Academic journal article Iranian Journal of Public Health

Trends of Blood and Plasma Donations in Kazakhstan: 12-Years Retrospective Analysis

Academic journal article Iranian Journal of Public Health

Trends of Blood and Plasma Donations in Kazakhstan: 12-Years Retrospective Analysis

Article excerpt

Itroduction

Blood transfusion services are integral and indis- pensable parts of the healthcare system facing the dual challenge of ensuring a sufficient supply of blood and blood products, as well as quality and safety for patients (1, 2). Donors are the source of blood from whom globally more than a million units are collected every year. Generally, donors are classified into three categories: voluntary, family/replacement and remunerated (3). At the present time, internationally the major source of donated blood is a combination of fam- ily/replacement donors (mainly relatives, friends and workmates of patients), and a growing num- ber of voluntary non-remunerated donors (4). However in most developing and transitional countries replacement and paid blood donors are still a significant source of blood (5, 6).

Despite the growing demand for blood due to surgery, cancer treatment, and aging population, the number of blood donors is reducing (6). Thus, each country faces a continued challenge to collect enough blood from safe donors to meet national needs. Indeed, with each unit of blood there is a risk to become infected with transfusion- transmissible infections, mainly hepatitis B virus, hepatitis C virus, human immunodeficiency virus and syphilis (7, 8). According to WHO, repeat vol- untary non-remunerated donors are the safest source of blood (9). Thus, a policy aimed at 100% voluntary non-remunerated donor blood procure- ment by the year 2020 has been adopted (10). Without a system based on voluntary non- remunerated blood donation, especially on a regu- lar voluntary donation, no one country can pro- vide enough safe blood for all patients requiring transfusion (11).

Kazakhstan is a country in Central Asia with a population of over 16 million people, and a geo- graphical area of 2,724,900 km2. The country is divided into 16 administrative and geographical entities (14 oblasts and the cities of Astana and Almaty) (12). The history of blood transfusion in Kazakhstan as well as of other countries of the former USSR is related to the Soviet period (13, 14). In 1934 the Kazakh branch of the Central Institute for Blood Transfusion was organized, later in 1941 reorganized into the Kazakh Repub- lican Blood Transfusion Station of the Ministry of Health of the Kazakh SSR. In parallel, the regional stations and other institutions of blood transfu- sion were opened. During the period 1935-1945 blood transfusion stations in 13 cities of Kazakh- stan and 25 blood transfusion units in major re- gional centers and towns were organized. After the year 1945 the main task was to massively at- tract people to donate blood (15). Since the mid 50s of the 20th century the intensive work on blood donation, especially voluntary non- remunerated donation development, began (16). From 1963 to 2011 the blood procurement in- creased from 9,778 to 398,000 units. Throughout Kazakhstan new stations and branches were opened. At the end of 1981 there were 28 blood transfusion stations and 125 units for blood trans- fusion (15) over the Republic; in 2000, 28 blood centers and 150 units for blood transfusion (17). In the following years, in line with global trends reorganization of the blood transfusion service, including the closure of some blood transfusion units in regional hospitals took place.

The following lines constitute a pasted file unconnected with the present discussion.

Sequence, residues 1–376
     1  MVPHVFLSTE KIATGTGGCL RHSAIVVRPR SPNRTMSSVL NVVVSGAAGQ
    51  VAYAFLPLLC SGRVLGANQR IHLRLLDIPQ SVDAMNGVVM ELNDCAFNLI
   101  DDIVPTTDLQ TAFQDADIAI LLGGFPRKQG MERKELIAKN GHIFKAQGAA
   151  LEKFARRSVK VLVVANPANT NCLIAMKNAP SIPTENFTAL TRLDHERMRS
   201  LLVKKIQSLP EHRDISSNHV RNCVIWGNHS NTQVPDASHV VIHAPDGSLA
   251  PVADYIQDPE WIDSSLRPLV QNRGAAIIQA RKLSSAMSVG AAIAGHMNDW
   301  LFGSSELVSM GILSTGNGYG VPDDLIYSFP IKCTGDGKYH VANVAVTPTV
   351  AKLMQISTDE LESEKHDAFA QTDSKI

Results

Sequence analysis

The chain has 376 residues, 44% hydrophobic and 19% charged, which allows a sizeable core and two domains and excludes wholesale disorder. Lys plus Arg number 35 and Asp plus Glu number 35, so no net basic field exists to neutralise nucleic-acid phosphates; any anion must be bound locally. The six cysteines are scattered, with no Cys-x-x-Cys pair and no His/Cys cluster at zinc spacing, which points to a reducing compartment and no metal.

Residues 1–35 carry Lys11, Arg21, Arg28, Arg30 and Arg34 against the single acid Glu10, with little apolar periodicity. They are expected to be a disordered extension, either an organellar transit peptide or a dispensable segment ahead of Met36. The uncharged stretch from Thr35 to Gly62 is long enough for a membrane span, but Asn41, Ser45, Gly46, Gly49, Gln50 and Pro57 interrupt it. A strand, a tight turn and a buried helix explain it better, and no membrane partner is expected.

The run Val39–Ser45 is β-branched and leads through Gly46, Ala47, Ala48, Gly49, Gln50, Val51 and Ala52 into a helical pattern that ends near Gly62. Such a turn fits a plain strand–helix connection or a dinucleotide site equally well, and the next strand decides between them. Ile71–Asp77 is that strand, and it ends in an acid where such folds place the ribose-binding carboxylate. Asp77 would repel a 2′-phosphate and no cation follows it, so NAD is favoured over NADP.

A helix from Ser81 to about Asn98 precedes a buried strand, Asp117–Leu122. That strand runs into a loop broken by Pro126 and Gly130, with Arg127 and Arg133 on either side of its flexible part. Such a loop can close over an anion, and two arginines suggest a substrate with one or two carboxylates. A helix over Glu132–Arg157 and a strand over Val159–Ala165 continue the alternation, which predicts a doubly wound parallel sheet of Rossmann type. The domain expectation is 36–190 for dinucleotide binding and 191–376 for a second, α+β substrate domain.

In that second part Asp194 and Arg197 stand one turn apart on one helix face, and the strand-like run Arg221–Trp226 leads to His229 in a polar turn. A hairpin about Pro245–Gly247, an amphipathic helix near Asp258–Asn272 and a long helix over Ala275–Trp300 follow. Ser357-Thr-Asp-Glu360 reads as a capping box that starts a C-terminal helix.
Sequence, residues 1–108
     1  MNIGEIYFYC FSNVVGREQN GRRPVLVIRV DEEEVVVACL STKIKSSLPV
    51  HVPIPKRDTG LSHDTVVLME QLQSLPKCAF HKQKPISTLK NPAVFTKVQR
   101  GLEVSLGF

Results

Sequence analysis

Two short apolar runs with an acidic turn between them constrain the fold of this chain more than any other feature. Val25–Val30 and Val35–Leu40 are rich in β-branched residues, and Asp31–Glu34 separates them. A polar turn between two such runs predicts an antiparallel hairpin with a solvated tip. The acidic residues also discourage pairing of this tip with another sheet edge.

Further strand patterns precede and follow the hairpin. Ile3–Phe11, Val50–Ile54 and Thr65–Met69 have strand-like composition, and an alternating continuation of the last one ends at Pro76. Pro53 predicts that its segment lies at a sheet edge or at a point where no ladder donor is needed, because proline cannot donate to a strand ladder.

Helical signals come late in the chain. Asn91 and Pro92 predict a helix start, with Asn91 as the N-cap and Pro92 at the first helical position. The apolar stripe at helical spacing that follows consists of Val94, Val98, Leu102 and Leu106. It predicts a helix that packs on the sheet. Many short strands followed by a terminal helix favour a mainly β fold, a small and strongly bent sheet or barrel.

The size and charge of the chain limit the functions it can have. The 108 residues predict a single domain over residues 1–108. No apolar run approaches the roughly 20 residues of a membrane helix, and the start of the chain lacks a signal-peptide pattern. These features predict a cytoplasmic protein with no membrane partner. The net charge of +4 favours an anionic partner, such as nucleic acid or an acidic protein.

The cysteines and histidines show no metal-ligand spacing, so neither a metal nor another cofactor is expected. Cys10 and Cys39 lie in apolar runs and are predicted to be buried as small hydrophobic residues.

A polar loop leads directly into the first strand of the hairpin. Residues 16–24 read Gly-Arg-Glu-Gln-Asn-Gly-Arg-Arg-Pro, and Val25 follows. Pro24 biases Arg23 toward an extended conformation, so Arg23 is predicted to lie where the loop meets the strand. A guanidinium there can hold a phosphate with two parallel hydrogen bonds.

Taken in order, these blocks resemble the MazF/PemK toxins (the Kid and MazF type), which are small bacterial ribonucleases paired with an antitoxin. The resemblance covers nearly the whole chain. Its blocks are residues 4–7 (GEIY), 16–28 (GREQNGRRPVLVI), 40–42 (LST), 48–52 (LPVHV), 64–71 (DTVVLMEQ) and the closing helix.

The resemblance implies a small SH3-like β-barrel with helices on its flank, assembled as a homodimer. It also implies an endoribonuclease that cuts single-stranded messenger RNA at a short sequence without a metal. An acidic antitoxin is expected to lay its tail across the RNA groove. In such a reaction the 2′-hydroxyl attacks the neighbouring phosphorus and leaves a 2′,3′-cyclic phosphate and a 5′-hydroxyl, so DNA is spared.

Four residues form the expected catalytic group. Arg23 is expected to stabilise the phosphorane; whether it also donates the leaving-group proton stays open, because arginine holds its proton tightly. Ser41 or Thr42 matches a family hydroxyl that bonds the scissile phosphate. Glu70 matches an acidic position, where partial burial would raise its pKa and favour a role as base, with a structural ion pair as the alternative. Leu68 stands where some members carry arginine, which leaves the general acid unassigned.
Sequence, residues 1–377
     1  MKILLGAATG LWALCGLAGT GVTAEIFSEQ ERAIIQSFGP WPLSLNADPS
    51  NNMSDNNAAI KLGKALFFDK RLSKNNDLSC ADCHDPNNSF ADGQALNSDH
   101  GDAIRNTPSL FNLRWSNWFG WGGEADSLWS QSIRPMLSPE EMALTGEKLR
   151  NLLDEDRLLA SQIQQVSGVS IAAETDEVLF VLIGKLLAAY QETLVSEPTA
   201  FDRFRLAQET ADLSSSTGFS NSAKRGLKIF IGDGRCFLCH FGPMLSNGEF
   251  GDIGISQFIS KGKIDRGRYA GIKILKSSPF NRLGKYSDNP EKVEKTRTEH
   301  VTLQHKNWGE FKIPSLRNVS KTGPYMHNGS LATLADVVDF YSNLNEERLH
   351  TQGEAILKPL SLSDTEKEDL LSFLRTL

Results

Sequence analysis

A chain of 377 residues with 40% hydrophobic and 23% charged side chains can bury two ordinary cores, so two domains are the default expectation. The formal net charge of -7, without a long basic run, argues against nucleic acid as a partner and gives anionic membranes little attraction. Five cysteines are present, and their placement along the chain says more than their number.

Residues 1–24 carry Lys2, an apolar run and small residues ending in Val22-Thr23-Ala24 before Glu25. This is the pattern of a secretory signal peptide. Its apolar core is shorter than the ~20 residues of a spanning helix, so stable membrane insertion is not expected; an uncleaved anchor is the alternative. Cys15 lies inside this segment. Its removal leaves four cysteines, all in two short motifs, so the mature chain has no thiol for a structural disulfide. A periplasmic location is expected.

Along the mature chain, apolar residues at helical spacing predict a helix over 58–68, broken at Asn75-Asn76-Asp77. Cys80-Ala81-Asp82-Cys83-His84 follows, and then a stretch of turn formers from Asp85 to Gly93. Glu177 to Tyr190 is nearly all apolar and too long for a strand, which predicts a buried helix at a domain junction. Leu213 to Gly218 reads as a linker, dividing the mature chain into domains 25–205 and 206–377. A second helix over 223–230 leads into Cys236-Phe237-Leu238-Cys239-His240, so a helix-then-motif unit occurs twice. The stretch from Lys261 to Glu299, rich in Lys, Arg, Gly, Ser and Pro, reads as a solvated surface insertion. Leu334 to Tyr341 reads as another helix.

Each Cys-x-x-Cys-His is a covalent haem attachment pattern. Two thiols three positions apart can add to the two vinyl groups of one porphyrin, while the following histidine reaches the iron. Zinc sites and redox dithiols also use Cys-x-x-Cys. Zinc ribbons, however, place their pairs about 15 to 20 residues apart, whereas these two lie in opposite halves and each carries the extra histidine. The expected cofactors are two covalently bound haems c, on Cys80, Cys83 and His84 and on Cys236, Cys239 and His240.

Today 23 blood centers are operational: Scientific Production Center of Blood Transfusion in Asta- na, Republican Blood Center in Almaty, 14 re- gional and 7 city centers, as well as 21 blood trans- fusion units (18), each operating within a defined geographical area and providing services to the population within the relevant region. Blood transfusion units relate to hospitals. The remain- ing blood centers are independent organizations, but all are under regular control of Scientific and Production Center of Blood Transfusion (19) and the Ministry of Health. During the blood service reform in accordance with international standards the government programs have been designed to focus on solving some critical tasks necessary for the development of blood services (20-22). …

Search by... Author
Show... All Results Primary Sources Peer-reviewed

Oops!

An unknown error has occurred. Please click the button below to reload the page. If the problem persists, please try again in a little while.